Can you detail some of the human rights violations of the Bahrain government for our listeners?
We have a culture of human rights violation and of crime, committed against humanity in Bahrain, especially in the past 6-7 months, since the Arab uprising – and, as you know, we started our uprising on January 11. Since then, there was a bloody crackdown, where thousands of people were detained and tortures. At least two people for every thousand citizens were in detention, thousands of people sacked from their jobs, expelled from their schools, their universities. There were systematic tortures, hospitals were taken by the military and patients were abused and tortured in the hospitals. Many people fled the country as people died or were tortured to death. We have a bad human rights record, especially the one we have since last March.
There have been a lot of reports about US weapons being used to suppress democracy demonstrations in Bahrain. Can you give us some details on that?
First of all, the American political position on Bahrain was totally different from their foreign policy towards other revolutions and other uprisings that were calling for democracy and human rights. The Americans and some other western countries were very silent on Bahrain. And not only that. Their weapons were used against protesters and human rights defenders in Bahrain, especially tear gas. At least ten people died in the past ten days because of the tear gas that was used by the special forces and riot police. And this tear gas is made in Pennsylvania, in the US. Unfortunately, human rights record is not a standard to the Americans when they sell weapons to Bahrain. Bahrain has a very bad human rights record, and it was very disappointing for the people of Bahrain, for human rights activists and for democracy fighters that the US did not only take their side in the uprising but was supplying the repressive regime with weapons in the region. That has a very poor human rights record. The people of Bahrain look at the US very differently than they did before February 13, especially when they saw our revolution, our uprising, which was calling for democracy and human rights, being banned, punished – and they still gave them aid and they still supplied them with weapons and tear gas that was used against the protesters and democracy activists.
The US base in Bahrain, does that have any relationship for the US supporting government?
I think the US base is the policy-maker in Bahrain, rather than the Embassy and the State Department of the US in Bahrain. The US naval base has more power than the Embassy, and I think that was the main reason why the American government has taken the side of the Bahraini regime – because they see that their benefits and interests lie with the dictators and the repressive regime, not with any future democracy. People thought that the presidents of America and Bahrain would help them struggle for democracy and human rights. That’s what they thought in the past. But now it’s very clear: their president was very negative and helped the regime and the repressive ruler more than the people of the country.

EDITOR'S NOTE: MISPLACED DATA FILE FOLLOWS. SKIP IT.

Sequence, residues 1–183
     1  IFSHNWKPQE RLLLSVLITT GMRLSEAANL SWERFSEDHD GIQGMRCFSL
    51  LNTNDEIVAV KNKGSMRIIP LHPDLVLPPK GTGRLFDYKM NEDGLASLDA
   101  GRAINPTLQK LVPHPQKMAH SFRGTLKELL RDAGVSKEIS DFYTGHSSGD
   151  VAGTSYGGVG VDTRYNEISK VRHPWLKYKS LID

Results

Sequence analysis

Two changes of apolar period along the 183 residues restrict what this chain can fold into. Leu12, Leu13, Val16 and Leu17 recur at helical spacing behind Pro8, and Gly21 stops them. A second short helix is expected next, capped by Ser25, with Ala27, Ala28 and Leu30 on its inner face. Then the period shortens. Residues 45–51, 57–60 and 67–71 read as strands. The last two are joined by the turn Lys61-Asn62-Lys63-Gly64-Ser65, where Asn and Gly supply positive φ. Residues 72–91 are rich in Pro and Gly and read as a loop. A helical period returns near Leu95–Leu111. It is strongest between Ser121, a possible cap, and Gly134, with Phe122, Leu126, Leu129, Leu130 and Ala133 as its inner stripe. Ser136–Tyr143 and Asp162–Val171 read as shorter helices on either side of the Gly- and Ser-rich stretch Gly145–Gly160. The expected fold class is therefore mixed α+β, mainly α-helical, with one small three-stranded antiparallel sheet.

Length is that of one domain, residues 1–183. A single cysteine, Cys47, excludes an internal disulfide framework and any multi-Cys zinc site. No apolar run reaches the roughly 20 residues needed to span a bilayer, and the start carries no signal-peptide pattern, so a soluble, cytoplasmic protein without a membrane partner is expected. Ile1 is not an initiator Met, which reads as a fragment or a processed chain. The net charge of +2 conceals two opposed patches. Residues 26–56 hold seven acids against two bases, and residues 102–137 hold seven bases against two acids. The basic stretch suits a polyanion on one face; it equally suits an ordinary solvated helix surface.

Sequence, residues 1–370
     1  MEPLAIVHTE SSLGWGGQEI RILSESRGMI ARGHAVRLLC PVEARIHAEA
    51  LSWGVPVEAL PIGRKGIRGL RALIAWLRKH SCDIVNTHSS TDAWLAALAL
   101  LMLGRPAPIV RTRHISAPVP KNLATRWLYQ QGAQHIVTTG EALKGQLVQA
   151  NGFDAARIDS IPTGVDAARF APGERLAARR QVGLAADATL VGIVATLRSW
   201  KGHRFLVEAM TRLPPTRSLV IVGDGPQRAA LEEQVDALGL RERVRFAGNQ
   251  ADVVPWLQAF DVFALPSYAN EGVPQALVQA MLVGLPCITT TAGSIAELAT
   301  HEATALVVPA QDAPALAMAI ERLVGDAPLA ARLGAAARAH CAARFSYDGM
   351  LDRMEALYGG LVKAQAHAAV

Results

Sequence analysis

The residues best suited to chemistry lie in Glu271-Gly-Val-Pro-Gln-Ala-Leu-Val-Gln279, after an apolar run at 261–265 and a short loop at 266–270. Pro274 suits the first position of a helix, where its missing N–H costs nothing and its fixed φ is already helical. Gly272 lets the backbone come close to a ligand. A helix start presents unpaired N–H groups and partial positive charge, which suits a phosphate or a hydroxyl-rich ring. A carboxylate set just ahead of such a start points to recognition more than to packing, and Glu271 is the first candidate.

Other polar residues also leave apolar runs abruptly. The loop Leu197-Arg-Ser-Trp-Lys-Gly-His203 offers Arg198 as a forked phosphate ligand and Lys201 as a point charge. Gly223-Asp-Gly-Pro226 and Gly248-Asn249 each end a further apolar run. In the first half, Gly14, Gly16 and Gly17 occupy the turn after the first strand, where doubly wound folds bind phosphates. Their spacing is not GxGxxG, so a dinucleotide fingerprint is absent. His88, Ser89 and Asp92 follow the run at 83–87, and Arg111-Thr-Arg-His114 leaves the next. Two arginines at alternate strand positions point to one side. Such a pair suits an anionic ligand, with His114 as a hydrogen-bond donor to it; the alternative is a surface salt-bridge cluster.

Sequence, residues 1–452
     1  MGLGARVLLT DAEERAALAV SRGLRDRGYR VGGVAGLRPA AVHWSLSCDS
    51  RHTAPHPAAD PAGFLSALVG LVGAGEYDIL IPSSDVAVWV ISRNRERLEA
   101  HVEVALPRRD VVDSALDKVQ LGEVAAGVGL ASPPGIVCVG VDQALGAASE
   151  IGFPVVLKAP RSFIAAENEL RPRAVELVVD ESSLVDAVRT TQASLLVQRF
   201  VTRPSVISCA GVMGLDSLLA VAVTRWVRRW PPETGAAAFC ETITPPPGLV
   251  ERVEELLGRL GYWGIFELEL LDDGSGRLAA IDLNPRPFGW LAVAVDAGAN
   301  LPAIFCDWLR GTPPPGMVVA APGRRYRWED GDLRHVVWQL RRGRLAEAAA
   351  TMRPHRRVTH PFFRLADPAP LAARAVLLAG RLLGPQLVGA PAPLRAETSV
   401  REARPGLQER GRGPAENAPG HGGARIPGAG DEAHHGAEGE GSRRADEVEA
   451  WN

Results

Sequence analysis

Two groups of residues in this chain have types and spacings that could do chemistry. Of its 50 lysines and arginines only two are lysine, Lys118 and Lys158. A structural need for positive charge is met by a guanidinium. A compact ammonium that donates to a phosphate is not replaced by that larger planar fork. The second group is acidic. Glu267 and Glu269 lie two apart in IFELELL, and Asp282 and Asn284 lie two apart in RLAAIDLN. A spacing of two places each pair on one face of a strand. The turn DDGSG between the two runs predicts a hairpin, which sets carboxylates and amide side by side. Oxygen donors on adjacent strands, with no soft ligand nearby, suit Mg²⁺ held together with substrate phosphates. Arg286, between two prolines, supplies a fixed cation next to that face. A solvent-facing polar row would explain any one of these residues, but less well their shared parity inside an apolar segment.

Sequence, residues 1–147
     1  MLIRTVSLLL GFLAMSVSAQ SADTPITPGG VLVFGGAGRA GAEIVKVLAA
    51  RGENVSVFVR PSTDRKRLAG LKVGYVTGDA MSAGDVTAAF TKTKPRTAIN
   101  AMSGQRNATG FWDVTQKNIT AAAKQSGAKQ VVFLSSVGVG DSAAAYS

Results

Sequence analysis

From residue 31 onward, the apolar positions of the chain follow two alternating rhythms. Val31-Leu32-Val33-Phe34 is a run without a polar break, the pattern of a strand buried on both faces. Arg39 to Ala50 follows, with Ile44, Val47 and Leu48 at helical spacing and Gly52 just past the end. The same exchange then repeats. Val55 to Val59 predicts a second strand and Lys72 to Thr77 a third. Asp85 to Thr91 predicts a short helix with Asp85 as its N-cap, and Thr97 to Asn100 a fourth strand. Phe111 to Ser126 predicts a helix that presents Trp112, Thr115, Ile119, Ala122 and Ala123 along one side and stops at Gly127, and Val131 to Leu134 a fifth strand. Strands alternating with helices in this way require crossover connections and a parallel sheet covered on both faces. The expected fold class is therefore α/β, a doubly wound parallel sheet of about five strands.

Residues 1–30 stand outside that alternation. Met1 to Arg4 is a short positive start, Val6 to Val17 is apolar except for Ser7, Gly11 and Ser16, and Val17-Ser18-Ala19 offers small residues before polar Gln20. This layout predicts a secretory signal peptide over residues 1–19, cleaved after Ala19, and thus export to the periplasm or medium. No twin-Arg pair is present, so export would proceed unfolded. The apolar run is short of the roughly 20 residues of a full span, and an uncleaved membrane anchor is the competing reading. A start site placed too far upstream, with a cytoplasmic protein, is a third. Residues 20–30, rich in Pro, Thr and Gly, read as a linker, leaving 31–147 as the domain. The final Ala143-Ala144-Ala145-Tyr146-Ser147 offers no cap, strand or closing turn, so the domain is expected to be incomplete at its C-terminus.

So we see a complete double standard?
We are a victim of the American double-standard foreign policy, we are a victim of the American interests, we are a victim of the American military presence in Bahrain. For that reason, as well as due to the complication of US’s foreign relations with Iran and other countries, we have to pay the price, because the US government’ still sees its interests lie with the dictators in the Gulf Region. That’s why they have reacted very negatively in the Gulf region, totally different to how they had reacted in Syria, Libya, Iran and Egypt. You could see that when the US president in his speech, where Saudi Arabia wasn’t mentioned at all, although Saudi Arabia is known to have the most oppressive regime in the region, spoke about most of the Arab countries but not those countries, because I think the flow of the oil has more importance than human rights of the people here.
How many people have been killed, in your estimation, by the government of Bahrain?
At least 40 people were killed in the past months. Thousands of people detained and systematically tortured. Those numbers are very high percentage wise, if you take into consideration the population of Bahrain, which is around half a million people only. It is more than in Tunisia, it is more than in Egypt. But, unfortunately, we have seen complete silence from the US, because of their interests, because of their military presence, because of the arms sales, because of the oil sales. I think the US is creating people who don’t support it in the region. They have lost the hearts and minds of the people in that part of the region. Since my country gained independence, the army has been used only once – against peaceful protesters that were calling for democracy and human rights. It’s the only time that the Bahraini army has been deployed. Not only that, the Bahraini government did worse than any other country, because they killed their own people with their own army, but they invited other troops, from Saudi Arabia, from UAE, to take part in the bloody crackdown against the people of Bahrain.
You say, people are arrested, tortured and disappear, they lose jobs, they are kicked out of universities. On what basis could this happen?
Unfortunately, the crackdown has targeted people mostly in the sectarian basis, because the majority of protesters were calling for equality – they come from the indigenous Shiite population. The government targets them, targets their businesses, targets them at schools, at universities. Many people lost their sight because they were shot in the eyes.
Would you characterize human rights violations in Bahrain as crimes against humanity?
What happened in Bahrain is a crime against humanity.